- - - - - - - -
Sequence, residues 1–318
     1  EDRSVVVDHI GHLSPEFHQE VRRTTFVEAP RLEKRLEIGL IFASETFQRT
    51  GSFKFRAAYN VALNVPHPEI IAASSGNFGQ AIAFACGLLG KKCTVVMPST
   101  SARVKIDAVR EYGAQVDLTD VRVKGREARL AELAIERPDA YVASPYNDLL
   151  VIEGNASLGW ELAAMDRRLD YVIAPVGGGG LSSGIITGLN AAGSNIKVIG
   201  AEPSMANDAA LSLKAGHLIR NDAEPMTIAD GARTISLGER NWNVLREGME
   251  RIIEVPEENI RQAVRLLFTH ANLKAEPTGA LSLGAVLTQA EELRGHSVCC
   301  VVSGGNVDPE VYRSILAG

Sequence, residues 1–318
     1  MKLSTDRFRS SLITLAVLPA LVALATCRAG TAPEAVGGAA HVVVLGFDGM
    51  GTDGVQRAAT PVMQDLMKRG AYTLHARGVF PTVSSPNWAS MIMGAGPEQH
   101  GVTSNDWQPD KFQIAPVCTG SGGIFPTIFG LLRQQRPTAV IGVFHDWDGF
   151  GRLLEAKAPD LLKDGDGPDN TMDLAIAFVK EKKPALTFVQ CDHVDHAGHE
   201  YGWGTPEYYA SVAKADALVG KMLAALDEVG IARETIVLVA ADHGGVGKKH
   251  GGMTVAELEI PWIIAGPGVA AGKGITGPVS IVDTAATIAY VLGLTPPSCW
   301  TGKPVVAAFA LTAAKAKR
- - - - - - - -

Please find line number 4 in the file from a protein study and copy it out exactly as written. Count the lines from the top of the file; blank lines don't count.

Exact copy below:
   101  SARVKIDAVR EYGAQVDLTD VRVKGREARL AELAIERPDA YVASPYNDLL